CARS misconceptions


The Critical Analysis and Reasoning Section (CARS) is both the best and the worst section of the MCAT. The reason you must love it is that you aren’t required to store an inordinate number of CARS-related facts and figures in your head as you walk through those doors on test day. The downside of this fact is that you don’t get any free answers for memorizing the yield of ATP from the oxidation of one molecule of glucose. 

Pre-med students are smart, and this can be their downfall in CARS. I’ve heard all kinds of excuses about why students will de-prioritize CARS in their test preparation.

  • “I can read…”
  • “There’s no way to get better.”
  • “I’ll make up for it in the other sections.” 

Let’s look at CARS misconceptions one at a time: 

“I can read…”

Yes, I believe you. My guess is that you are excellent at reading, memorizing, and comprehending deeply complex material. That does not mean you understand how to analyze language to interpret tone, intent, and relevant assumptions. PLEASE do not fall into the ego trap of thinking you are too smart to improve upon your reasoning skills. Success in sciences does not equal success in literary analysis.  

“There’s no way to get better.”

This is a common misconception. I often hear that somehow CARS is simply a test of innate ability and preparing for it will lead to marginal improvements at best. This is simply false. The CARS section is highly game-able, although there is no catch-all approach and strategies must be tailored to the student. I have seen students dramatically increase their CARS scores by simply using trial-and-error to find what suits them.

“I’ll make up for it in the other sections.”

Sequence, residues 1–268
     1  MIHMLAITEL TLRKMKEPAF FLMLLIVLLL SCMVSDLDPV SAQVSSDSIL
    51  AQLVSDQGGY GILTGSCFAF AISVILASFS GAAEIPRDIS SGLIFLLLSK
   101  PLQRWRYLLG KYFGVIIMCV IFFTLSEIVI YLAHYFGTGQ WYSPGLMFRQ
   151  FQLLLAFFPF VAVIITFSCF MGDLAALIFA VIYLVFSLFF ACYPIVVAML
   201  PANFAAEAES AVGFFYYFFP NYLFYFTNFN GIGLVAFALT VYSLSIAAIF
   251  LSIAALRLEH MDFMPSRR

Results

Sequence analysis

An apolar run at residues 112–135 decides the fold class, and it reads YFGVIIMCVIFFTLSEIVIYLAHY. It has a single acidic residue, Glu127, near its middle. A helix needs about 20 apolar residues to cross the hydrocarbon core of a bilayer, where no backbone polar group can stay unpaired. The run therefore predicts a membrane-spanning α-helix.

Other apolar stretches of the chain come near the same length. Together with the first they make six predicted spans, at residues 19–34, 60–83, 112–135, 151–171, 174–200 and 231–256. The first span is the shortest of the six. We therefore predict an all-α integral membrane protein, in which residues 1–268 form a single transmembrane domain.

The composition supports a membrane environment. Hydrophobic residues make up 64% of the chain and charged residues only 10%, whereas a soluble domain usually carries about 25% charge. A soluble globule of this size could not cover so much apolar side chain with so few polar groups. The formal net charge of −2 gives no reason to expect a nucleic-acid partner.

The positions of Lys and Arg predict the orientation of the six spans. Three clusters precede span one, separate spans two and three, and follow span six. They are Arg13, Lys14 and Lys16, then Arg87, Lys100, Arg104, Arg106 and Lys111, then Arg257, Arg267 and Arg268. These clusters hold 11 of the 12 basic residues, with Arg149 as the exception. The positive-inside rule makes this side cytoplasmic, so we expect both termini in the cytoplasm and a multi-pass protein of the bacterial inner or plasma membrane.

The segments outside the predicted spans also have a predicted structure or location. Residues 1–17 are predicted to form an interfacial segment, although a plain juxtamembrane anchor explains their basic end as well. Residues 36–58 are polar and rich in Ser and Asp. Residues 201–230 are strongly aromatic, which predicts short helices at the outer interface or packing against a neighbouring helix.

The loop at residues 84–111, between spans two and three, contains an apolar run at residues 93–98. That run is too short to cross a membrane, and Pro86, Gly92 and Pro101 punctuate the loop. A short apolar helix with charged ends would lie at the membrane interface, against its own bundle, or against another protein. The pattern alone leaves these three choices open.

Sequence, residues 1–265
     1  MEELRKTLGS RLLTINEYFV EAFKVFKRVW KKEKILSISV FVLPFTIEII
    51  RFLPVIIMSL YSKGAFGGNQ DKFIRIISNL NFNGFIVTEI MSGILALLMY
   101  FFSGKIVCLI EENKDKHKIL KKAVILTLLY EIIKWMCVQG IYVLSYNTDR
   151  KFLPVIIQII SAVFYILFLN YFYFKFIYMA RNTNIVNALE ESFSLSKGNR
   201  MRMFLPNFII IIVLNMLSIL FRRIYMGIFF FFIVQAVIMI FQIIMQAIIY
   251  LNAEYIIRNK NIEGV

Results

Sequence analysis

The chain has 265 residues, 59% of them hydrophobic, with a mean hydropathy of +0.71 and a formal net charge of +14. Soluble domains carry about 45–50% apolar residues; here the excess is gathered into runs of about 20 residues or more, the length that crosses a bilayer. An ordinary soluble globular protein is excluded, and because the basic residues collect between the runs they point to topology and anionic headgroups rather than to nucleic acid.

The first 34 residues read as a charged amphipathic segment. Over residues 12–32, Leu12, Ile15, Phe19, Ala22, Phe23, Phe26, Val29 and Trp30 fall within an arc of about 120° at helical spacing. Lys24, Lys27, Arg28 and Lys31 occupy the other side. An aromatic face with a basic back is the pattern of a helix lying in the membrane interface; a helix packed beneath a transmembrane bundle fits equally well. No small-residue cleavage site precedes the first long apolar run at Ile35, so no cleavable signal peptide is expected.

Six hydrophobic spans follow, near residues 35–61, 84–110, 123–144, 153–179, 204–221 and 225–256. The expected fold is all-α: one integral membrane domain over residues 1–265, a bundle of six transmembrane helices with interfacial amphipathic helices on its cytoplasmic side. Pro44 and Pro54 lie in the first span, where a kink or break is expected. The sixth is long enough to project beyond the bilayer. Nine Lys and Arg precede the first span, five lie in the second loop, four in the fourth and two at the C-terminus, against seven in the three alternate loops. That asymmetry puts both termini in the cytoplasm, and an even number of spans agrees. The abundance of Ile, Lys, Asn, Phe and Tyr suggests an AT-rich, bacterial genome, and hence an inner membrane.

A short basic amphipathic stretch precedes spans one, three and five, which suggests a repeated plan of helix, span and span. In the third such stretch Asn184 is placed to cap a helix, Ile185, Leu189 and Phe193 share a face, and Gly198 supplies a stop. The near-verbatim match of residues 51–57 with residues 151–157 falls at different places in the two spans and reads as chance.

This one also comes in the form of people’s natural desire to lean into their strengths. I get it, if you’re scoring a 128 in C/P and a 122 in CARS, it’s obvious which section is going to be more frustrating of those two. With that being said: LEAN INTO THE SECTIONS YOU SCORE LOW ON. Please do this, even if you take nothing else from this post. Medical schools want people that are mentally flexible and can think on their feet, for better or worse this is largely tested in CARS. 

Takeaways & Tips:

  • CARS requires a set of skills that can be developed with practice and strategy. It is not simply language comprehension but often complex reasoning that asks the reader to develop multiple mental models of perspective, intuit the intent of language choice, and make assumptions. You can and should improve your CARS score by working on this section throughout your study plan. 
  • Practice every day (or at least most days), even 30 minutes of CARS passages a day will make a huge difference come test day. 
  • CHANGE how you approach a passage. Don’t like highlighting? Try it. Feel weird to read questions before the passage? Try it. Scratch paper notes too distracting? Try it. The point here is not that all or any of these strategies is best, it’s that any new approach will feel weird, but that should not deter you from mixing it up as you find what works. 
  • Last thing, (and congratulations if you’ve made it this far) just do some reading. This will help with CARS, but also with your quality of life. Read fiction or something you actually enjoy, and be sure to set aside a little time, maybe at the end of every day to do that. If you’re as nerdy as I am, you might start with The Lord of The Rings trilogy, but go read something you love. 

David is a med student at the Icahn School of Medicine at Mount Sinai, where works in a lab studying cancer metabolism. He earned his Bachelor's degree in Biology at James Madison Unversity.


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